- The Washington Times - Wednesday, July 10, 2002

A group of parents in California is suing a local public school district where at least one middle school, after September 11, encouraged students to wear Muslim robes, adopt Islamic names and stage make-believe pilgrimages to Mecca to learn about the faith.

The lawsuit, filed recently in federal court in San Francisco, contends that the simulation exercises that took place at the Excelsior School in the Byron Union School District near Oakland violated the students' First Amendment rights.

Specifically, the lawsuit seeks to have the court find that the school district violated the Establishment Clause of the First Amendment by using taxpayer dollars to teach students how to practice a religion. The suit also asked the court to prohibit the district from funding and implementing simulations of Islam.

"This is unbelievable," said Richard Thompson, chief counsel and executive director of the Thomas More Law Center in Michigan, a national public interest law firm representing the parents and their children.

"While public schools prohibit Christian students from reading the Bible, praying, displaying the Ten Commandments and even mentioning the word 'God,' students in California are being indoctrinated into the religion of Islam."

Peggy Green, superintendent of the Byron Union School District, said yesterday that her district has not yet been served with the lawsuit. She added, however, that the Excelsior School was not teaching Islam in any way.

"We are not teaching religion," she said. "We're teaching world history. We teach about all major religions, and this unit in question was just one of many. The allegations in the lawsuit don't accurately reflect what was going on in the classroom."

The course on Islam is one of 11 units of a social studies class called World History and Geography: Medieval and Early Modern Times that is being taught all over the state. The class is included in the state's curriculum standards, which were approved by state officials in 1998.

According to the lawsuit, about 125 students dressed up in Muslim robes, studied Islamic proverbs and read verses from the Koran to earn points toward their overall grade. It said the students were required to say phrases such as "Allah Akbar," which is Arabic for "God is great," and memorize Muslim prayers, fulfill the Five Pillars of Islam and fast during lunch to simulate the fasting done during the Islamic holy month of Ramadan.

"From the beginning, you and your classmates will become Muslims," the handout read. "Dressing as a Muslim and trying to be involved will increase your learning and enjoyment."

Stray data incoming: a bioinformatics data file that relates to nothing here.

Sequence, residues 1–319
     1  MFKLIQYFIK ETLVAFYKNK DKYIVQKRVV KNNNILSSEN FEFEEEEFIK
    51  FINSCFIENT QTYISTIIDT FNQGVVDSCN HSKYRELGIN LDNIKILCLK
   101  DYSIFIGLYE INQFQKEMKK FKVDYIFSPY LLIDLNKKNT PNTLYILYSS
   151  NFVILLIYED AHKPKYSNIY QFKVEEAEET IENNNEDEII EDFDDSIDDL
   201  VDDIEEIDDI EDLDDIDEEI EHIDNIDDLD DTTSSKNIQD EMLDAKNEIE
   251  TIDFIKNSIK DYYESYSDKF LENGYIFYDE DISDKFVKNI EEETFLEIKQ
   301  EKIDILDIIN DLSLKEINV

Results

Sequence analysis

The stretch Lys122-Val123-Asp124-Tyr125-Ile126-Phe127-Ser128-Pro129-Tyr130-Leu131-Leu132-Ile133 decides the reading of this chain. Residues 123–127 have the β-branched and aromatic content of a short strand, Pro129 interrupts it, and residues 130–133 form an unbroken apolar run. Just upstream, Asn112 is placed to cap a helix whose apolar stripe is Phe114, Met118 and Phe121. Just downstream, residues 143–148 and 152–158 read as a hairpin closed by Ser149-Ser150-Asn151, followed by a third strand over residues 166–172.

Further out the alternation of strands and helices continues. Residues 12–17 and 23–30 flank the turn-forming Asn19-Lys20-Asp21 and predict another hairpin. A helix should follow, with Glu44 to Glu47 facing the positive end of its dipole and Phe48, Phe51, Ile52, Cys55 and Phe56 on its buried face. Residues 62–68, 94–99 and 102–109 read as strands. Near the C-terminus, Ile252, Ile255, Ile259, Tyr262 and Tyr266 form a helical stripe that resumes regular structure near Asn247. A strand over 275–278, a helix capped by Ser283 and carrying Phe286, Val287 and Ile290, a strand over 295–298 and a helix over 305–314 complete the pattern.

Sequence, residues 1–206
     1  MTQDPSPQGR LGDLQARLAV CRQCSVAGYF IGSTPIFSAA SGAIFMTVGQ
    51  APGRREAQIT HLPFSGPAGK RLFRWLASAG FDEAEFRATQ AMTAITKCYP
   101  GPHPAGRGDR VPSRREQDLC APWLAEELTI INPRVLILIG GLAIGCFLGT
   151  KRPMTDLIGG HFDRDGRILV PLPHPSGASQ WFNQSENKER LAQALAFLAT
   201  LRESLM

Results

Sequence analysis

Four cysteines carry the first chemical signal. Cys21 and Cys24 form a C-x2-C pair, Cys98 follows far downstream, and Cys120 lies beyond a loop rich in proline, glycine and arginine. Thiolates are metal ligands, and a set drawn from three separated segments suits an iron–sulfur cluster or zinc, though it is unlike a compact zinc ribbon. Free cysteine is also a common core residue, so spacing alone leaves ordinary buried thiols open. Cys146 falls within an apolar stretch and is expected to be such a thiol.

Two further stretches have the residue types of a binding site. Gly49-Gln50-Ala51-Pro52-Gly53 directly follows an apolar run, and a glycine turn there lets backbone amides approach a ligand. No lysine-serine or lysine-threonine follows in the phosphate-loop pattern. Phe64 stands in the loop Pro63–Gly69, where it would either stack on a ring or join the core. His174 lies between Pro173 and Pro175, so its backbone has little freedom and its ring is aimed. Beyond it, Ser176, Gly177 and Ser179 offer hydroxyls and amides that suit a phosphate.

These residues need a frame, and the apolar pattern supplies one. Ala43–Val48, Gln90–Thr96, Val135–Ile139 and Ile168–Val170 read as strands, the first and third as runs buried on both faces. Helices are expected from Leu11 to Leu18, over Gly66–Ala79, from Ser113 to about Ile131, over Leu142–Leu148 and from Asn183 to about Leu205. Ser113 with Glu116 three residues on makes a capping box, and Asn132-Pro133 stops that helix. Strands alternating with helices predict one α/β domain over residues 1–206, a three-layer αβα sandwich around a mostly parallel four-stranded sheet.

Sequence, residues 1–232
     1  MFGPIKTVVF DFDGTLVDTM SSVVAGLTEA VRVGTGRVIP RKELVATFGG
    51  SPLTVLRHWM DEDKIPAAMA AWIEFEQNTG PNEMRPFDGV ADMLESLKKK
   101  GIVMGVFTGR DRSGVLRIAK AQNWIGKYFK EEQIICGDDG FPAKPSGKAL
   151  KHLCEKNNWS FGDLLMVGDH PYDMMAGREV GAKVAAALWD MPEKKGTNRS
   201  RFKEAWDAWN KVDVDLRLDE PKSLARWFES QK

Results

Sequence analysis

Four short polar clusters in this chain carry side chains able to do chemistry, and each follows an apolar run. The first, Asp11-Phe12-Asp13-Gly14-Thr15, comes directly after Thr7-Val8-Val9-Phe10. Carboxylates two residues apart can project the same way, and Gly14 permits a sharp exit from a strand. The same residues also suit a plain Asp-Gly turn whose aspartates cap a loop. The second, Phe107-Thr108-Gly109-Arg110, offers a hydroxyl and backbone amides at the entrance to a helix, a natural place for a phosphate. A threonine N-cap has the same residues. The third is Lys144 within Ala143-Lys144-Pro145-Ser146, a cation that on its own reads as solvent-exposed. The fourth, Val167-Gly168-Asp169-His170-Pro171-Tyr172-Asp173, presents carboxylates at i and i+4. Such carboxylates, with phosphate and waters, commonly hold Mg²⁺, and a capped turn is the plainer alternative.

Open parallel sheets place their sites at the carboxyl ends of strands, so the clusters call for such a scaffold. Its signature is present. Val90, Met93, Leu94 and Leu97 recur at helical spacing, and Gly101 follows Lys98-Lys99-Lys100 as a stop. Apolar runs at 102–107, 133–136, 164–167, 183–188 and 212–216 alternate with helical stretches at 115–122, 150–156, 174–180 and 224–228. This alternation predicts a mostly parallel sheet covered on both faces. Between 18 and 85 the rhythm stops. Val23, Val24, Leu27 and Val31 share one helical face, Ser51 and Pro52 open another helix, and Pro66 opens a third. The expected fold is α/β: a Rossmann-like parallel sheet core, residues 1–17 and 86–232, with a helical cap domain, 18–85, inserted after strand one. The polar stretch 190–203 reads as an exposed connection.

The students also had to pick a Muslim name out of a list of 30 to replace their name and had to organize a mock hajj, or pilgrimage, to Mecca using a dice game.

Mrs. Green said each of the students picked an Islamic name, but none was ever addressed by it in class. She also said the students were not required to memorize any verses from the Koran and never prayed to Allah or recited the phrase "Allah Akbar." The students learned about the Five Pillars of Islam, she said, only because the state of California mandates that all seventh-graders learn them.

She also said the students could dress up in Muslim robes to earn extra points for a play they were asked to put on. For bonus points, students also could give up watching television or could fast at lunch during Ramadan.

"These children always had a choice," she said. "There was no coercion and no insistence that they do any of these activities if they didn't want to."

Mr. Thompson disagreed. "The Byron Union School District crossed way over the constitutional line when it coerced impressionable 12-year-olds to engage in particular religious rituals and worship, simulated or not," he said.

Parents didn't know their children were being encouraged to participate in such a program, Mr. Thompson said. "Parents with children in this course were totally caught off guard and had no idea what their children were being taught."

Mrs. Green said the state requires all school districts to notify parents about what's coming up in their children's classes. She also said that all parents in the Excelsior class had the option to pull their children out if they felt uncomfortable with the material.

At the beginning of the school year last fall, Excelsior school officials sent home a copy of the textbook used for the Islam section so parents would know what would be taught.

"All the parents would have to do is pick up the book and see what their children are learning," she said.

Two families did choose to keep their children out, Mrs. Green said. These families are not the ones suing the school district.


Copyright © 2018 The Washington Times, LLC. Click here for reprint permission.

The Washington Times Comment Policy

The Washington Times welcomes your comments on Spot.im, our third-party provider. Please read our Comment Policy before commenting.

 

Click to Read More and View Comments

Click to Hide